The Slatest

Turkey’s Democracy Could Hang in the Balance This Weekend

Turkey’s President Recep Tayyip Erdogan makes the Rabaah sign during a rally on June 5, 2015 in Golbasi district of Ankara, ahead of the upcoming June 7 election.

Photo by ADEM ALTAN/AFP/Getty Images

President Recep Tayyip Erdogan’s name might not be on the ballot when Turkish voters head to the polls this Sunday, June 7, but he and the dramatic changes he envisions for the country’s political system are very much the main issue.

Erdogan became Turkey’s first directly elected president last year after three terms as prime minister. Until now, the presidency has been a largely ceremonial position, but Erdogan wants to amend the constitution to create an executive presidency, which he can do without any support from the opposition if his AKP party wins two thirds of the seats in parliament on Sunday. His critics believe this would concentrate a dangerous amount of power in the hands of a leader who has been showing increasingly authoritarian tendencies.

A moderate Islamist and former mayor of Istanbul, Erdogan came to power in 2003, and for most of his tenure enjoyed support at home and praise from abroad for reducing the role of the military in government, loosening Turkey’s strict restrictions on religion in public life, and—until recently—presiding over impressive economic growth. Lately, however, some of the shine has worn off Erdogan’s “Turkish model.” Economic growth has fizzled. His government has been criticized for clamping down on journalists, the Internet, and political opposition—particularly after the harsh crackdown on the 2013 Gezi Park protests in Istanbul.  In 2013, a number of senior AKP officials were implicated in a wide-ranging corruption scandal, which Erdogan blamed on followers of the influential Pennsylvania-based cleric Fethullah Gulen—a former ally turned critic whom Erdogan accuses of trying to destabilize his government.  More recently, he’s been criticized for constructing a lavish presidential palace, and there’s been a bizarre subplot of the election involving the opposition’s accusations that he’s installed gold toilet seats.

Erdogan has denied that the strong presidential system he wants would lead to dictatorship, saying, “Is there dictatorship in the United States, Mexico or in Brazil?” These may not be the best examples, since Mexio and Brazil were dictatorships for many years, plus the fact that the U.S. hasn’t been one is an odd fluke of great interest to political scientists. Erdogan has been actively campaigning for the AKP in this election, which is constitutionally questionable—he hasn’t technically been a member of the party since being elected to the theoretically apolitical presidency—but that isn’t really surprising given that the party’s success on Sunday is far from guaranteed. Recent polls, which shouldn’t be relied on too heavily, shows support for the AKP running at around 40 percent—down significantly from the 50 percent it won in 2011. Erdogan has been leaning heavily on religious supporters, brandishing copies of the Koran on the campaign trail.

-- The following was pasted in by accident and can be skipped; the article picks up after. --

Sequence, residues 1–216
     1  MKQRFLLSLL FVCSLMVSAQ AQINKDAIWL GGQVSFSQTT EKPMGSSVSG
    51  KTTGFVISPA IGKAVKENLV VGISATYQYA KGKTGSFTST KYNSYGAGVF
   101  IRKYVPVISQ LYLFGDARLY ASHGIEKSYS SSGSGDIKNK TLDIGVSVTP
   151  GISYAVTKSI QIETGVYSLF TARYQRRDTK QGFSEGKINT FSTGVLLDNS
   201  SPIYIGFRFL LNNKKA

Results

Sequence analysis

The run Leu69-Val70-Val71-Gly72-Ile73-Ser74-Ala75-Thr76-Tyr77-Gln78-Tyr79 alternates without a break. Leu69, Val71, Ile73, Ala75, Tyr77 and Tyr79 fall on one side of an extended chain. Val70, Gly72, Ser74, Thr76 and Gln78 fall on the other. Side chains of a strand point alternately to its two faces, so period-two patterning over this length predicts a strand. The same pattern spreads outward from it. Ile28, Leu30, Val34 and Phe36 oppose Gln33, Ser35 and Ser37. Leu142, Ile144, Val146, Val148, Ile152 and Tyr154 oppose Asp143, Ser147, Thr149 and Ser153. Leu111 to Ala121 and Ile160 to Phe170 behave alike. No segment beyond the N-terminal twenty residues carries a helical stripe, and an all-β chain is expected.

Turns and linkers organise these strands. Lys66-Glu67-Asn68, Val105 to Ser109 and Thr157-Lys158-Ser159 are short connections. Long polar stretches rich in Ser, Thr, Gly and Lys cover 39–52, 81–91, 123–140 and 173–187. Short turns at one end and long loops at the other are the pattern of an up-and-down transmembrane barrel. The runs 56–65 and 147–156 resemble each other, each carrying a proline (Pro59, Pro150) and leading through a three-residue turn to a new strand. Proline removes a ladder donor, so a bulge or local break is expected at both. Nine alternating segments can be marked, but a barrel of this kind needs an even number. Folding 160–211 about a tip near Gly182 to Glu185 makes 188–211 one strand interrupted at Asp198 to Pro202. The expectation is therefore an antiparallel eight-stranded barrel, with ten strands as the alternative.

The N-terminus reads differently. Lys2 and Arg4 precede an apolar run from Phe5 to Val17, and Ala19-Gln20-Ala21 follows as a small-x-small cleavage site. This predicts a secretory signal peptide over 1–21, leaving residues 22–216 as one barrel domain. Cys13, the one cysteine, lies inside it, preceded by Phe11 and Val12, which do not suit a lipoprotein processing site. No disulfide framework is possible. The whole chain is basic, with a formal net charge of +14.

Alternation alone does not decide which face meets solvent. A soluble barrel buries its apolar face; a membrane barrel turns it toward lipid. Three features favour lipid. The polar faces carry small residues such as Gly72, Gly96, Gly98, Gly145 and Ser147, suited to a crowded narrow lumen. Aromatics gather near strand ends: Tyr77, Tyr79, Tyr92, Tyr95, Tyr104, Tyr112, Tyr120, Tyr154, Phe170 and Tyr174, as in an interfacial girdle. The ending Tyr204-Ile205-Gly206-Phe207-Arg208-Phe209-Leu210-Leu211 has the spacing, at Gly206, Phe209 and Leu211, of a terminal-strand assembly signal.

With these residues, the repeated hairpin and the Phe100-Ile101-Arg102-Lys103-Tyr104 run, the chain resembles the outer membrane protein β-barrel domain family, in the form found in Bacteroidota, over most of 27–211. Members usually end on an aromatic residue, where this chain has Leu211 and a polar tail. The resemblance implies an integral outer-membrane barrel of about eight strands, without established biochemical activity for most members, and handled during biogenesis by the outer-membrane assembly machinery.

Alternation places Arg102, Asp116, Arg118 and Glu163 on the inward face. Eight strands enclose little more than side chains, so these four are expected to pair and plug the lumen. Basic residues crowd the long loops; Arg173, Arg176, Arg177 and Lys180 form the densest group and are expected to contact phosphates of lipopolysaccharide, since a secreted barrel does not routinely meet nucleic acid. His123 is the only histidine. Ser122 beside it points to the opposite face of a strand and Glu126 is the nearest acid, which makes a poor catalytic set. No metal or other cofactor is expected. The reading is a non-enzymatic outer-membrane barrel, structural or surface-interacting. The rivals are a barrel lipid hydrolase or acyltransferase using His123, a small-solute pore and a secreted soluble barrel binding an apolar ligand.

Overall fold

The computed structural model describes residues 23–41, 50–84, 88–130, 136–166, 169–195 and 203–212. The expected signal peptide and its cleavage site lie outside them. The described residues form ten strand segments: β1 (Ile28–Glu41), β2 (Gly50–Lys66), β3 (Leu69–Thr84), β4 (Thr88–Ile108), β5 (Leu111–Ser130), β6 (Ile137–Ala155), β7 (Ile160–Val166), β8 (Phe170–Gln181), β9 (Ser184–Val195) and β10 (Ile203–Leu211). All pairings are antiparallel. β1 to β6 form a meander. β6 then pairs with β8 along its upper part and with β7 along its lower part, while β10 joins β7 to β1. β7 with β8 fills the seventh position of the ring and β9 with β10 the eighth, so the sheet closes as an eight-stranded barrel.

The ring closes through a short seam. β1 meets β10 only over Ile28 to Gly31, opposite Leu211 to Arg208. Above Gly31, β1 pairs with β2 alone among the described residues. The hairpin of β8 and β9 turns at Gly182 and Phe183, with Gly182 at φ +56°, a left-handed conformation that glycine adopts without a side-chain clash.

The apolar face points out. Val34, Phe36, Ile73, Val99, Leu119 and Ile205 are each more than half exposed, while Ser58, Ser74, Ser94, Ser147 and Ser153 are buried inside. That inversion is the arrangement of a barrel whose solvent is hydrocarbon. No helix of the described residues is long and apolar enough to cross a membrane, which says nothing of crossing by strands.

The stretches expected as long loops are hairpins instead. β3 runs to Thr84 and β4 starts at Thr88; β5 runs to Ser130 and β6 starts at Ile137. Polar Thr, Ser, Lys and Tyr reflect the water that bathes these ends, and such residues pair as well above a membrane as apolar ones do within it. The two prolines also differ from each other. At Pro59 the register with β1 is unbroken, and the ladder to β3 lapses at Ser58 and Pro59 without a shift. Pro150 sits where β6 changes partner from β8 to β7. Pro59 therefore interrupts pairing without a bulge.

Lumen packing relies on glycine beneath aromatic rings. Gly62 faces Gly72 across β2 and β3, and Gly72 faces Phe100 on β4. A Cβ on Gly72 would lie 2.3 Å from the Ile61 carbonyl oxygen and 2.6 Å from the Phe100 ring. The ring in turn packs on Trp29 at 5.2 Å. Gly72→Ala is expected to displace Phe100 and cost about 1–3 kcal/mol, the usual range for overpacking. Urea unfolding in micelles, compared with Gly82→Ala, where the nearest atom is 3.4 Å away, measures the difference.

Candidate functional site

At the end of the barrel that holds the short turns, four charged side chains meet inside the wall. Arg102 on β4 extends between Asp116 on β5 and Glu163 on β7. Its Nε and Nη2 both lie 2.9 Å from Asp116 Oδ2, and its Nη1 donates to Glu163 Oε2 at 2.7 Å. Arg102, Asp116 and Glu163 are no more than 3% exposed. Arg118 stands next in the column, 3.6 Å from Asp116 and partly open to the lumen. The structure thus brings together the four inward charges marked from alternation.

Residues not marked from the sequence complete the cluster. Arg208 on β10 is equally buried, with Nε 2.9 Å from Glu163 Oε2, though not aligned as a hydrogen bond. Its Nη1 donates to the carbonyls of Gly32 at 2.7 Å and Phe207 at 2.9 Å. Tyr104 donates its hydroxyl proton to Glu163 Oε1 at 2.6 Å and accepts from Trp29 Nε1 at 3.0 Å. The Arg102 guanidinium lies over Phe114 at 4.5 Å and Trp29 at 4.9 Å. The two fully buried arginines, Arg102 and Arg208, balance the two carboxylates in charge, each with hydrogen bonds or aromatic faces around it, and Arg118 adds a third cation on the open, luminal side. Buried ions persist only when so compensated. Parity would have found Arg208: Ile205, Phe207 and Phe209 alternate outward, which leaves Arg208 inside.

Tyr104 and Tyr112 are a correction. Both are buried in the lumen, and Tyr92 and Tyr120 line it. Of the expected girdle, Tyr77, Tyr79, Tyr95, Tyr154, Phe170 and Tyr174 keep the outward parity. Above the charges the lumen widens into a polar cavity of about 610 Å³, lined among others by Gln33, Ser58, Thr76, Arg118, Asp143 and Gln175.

The most distinctive feature of Turkish elections is that parties need to cross a 10 percent threshold to be represented in parliament. This is the highest threshold of any democratic country, leading the Guardian to call it the “world’s most unfair election system” this week.

The other big story of the election is the emergence of a pro-Kurdish leftist party, HDP. Kurdish parties have never been able to crack the 10 percent threshold, but polls suggest that HDP has a shot. Kurdish opposition to Erdogan was galvanized by the government’s reluctance to aid the Syrian border city of Kobani, which was besieged by ISIS last year. The party is also hoping to pick up secular leftist support from what’s left of the Gezi Square movement. Though the party is predominantly Kurdish, its candidate list is notably diverse, including Christians, Yazidis, and potentially the county’s first openly gay lawmaker. It’s AKP opponents charge that HDP tied to the PKK—the outlawed militant Kurdish group that’s fought against government in the country’s southeast for decades.

The HDP is only in fourth place, but its role in the election is critical. If it can cross the 10 percent threshold, it’s unlikely Erdogan will have the support he needs to push through his new constitution. 

[Update, June 5, 2014: Two people were killed and more than 100 wounded by two explosions at an HDP rally in the predominantly Kurdish city of Kiyarbakir in southeastern Turkey on Friday. Turkey’s prime minister says it’s unclear whether the blasts were an accident or an attack.]

The supermajority Erdogan wants is looking unlikely at the moment, but as president, he can still give the AKP a mandate to form a government even if it has fewer seats than the combined opposition. This, the 10 percent threshold, and other quirks of the Turkish system were put in place by the military secularists ruling Turkey in the early 1980s to keep themselves in power. Ironically, they might turn out to be the last hope of the Islamist leader who wants to undo their legacy.